Formed in the circumferential housing portion 16C are manifold passageways 66 which, as shown in FIG. 3, communicate with a port 68 terminating in the same plane as the port recesses 64A and 648 in valve block 50. According to the position of the valve block 50 relative to housing 16, during approximately one-half of a revolution of housing 16 relative to crankshaft l8, manifold passageways 66 communicate through port 68 and port recess 64A with pressure inlet 52, while in the other half of the revolution of the housing 16 relative to crankshaft 18 port 68 communicates with port recess 64B and exhaust opening 54.

A second port 70 is formed in a portion of the housing valve plate 16A, the second port being shown best in FIG. 3. Second port 70 communicates with a housing valve port 72 providing direct communication to the interior of the closed housing 16. Thus during one-half of a revolution of the housing 16 relative to crankshaft 18 the interior of the closed housing communicated by way of housing valve port 72, second port 70 and port recess 6413 to the exhaust opening 54, and during the other half of the revolution the interior of the housing 16 communicates through housing port 72, second port 70, port recess 64A, to pressure inlet 52.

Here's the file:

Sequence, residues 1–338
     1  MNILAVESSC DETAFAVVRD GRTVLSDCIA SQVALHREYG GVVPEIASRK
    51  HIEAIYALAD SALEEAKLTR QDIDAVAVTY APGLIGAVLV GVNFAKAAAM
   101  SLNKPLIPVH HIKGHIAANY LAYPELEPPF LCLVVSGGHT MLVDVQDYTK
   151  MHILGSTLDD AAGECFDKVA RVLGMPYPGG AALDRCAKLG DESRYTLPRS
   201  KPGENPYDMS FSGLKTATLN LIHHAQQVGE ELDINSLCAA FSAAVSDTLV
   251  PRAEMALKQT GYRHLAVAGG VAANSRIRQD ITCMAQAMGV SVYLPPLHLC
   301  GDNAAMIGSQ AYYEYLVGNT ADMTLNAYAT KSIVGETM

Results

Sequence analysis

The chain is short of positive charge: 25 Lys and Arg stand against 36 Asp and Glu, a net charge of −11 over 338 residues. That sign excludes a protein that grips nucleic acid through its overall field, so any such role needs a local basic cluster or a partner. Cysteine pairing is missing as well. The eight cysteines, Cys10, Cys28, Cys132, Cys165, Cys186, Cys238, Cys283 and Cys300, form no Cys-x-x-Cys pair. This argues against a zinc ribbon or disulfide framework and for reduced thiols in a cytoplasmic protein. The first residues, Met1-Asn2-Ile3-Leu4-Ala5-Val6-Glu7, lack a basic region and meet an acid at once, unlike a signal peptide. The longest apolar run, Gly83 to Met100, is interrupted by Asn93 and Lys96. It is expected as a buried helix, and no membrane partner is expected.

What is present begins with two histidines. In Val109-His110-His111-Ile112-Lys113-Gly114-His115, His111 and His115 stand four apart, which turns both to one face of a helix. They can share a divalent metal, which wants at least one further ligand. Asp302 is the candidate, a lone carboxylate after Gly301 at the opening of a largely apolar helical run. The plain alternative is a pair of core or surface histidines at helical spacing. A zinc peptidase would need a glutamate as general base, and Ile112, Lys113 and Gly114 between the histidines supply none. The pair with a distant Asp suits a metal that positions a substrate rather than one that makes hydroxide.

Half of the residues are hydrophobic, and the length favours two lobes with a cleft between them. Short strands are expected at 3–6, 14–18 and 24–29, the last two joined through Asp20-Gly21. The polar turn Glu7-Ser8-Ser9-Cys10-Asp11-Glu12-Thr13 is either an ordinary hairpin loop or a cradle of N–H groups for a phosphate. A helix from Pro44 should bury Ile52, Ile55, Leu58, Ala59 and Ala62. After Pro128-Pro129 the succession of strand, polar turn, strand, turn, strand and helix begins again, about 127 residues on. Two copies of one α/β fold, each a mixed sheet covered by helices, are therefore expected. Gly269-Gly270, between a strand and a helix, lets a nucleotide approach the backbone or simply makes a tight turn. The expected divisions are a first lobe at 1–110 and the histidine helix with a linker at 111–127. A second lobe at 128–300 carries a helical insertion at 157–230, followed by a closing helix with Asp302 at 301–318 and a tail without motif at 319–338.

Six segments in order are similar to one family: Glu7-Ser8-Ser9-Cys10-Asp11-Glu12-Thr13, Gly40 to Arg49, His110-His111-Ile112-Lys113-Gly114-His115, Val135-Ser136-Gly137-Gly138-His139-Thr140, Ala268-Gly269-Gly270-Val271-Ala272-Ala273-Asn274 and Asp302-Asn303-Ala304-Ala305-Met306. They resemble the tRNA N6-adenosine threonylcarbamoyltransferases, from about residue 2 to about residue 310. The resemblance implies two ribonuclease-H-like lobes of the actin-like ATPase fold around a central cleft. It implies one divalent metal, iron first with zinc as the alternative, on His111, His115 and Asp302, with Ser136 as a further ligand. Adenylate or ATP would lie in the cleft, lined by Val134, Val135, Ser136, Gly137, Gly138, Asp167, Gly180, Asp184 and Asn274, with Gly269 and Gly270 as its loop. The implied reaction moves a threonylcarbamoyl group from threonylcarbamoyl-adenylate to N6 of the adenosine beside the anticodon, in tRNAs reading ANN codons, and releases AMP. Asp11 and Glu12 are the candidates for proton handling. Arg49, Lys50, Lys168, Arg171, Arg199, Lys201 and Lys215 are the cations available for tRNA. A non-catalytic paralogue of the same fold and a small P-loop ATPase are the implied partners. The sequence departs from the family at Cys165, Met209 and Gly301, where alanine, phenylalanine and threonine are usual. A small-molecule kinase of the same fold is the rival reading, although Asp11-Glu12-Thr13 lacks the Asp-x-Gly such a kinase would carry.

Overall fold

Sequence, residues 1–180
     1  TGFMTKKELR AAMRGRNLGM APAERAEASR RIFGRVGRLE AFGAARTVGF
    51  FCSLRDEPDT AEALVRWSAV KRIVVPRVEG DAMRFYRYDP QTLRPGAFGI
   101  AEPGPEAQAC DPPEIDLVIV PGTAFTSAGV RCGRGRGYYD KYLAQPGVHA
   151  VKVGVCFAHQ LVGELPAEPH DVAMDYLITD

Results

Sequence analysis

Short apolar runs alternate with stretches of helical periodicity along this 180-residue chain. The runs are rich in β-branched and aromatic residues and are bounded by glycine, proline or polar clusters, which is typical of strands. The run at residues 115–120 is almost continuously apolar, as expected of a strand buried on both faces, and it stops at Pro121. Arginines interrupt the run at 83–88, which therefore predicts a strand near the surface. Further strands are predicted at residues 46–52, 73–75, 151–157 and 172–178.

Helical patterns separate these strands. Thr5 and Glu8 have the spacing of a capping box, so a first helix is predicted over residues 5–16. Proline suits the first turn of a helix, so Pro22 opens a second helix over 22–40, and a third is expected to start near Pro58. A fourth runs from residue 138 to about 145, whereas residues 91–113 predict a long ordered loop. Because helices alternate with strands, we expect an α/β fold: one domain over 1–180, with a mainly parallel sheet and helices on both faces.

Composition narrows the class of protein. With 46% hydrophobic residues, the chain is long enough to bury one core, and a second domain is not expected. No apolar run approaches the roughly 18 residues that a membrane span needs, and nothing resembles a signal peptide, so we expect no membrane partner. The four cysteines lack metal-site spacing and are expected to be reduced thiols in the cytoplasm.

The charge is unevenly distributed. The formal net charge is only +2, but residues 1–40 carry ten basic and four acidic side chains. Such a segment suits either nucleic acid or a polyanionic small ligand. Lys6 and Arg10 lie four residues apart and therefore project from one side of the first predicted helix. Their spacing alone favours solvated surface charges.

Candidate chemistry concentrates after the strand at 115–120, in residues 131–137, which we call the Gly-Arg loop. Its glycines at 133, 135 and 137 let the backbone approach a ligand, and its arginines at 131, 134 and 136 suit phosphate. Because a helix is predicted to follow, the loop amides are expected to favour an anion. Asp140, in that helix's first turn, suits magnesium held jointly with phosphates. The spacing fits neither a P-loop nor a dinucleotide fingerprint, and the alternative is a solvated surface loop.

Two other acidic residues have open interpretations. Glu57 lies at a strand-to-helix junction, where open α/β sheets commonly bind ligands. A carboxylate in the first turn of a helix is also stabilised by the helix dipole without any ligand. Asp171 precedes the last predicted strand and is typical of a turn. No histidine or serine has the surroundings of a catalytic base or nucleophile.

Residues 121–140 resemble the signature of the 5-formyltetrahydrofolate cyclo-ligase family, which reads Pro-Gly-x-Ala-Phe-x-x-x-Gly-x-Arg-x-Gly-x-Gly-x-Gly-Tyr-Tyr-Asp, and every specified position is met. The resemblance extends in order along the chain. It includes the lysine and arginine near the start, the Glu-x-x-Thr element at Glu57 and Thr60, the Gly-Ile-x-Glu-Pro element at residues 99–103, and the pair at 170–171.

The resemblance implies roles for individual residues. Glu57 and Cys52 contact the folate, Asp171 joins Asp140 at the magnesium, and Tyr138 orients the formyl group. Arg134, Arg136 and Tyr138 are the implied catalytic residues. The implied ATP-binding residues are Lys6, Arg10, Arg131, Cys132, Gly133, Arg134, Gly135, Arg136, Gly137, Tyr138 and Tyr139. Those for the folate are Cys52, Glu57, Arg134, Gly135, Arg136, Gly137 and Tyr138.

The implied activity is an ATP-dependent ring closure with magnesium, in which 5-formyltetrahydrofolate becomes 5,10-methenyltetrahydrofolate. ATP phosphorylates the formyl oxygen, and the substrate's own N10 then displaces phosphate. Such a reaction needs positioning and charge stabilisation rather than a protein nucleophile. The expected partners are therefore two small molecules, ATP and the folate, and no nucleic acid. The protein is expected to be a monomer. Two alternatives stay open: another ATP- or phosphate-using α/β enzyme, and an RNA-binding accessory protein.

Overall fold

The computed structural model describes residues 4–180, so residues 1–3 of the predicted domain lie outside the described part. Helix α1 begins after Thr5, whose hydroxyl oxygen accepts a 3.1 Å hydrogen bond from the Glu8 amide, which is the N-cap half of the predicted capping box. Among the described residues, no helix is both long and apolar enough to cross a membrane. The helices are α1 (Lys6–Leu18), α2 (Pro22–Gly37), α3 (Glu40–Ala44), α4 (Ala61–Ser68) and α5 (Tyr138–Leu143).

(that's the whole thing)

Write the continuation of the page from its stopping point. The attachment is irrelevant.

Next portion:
OPERATION The apparatus of this invention can be used as a motor or as a pump. When used as a motor, fluid pressure is fed into pressure inlet 52. When the bellows 36 is fully withdrawn the port recess 64A in valve block 50 is aligned with first port 68. Thus the pressurized fluid is fed through manifold passageways 66 into the interior of each of the bellows 36A, 36B, and 36C. This pressure forces the bellows outwardly causing the housing and the crankshaft 18 to begin to rotate relative to each other. Pressure internally of housing 16, and externally of bellows 36, is exhausted by way of housing port 72, second port 70, port recess 64B, and exhaust opening 54. This condition exists until the housing 16 and shaft 18 have rotated approximately 180 relative to each other, at which time first port 68 aligns with port recess 64B and second port 70 aligns with port recess 64A. When this alignment takes place pressurized fluid passes through the pressure inlet 52, through port recess 64A, second port 70, and housing port 72 into the interior of housing 16. Thus pressure is applied to the exterior of the bellows. At the same time manifold passageways 66 now communicate by way of first port 68 to port recess 64B and ther iy to exhaust opening 54. During this portion of the cycle pressure exterior of the bellows 36 forces fluid to flow out of the bellows, retracting the outer bellows plate 40 and connecting rod 44. Thus, during each one-half cycle pressure is forced into the bellows and exhausted out of the housing while during the other half of the cycle pressure is forced into the housing and exhausted out of the bellows.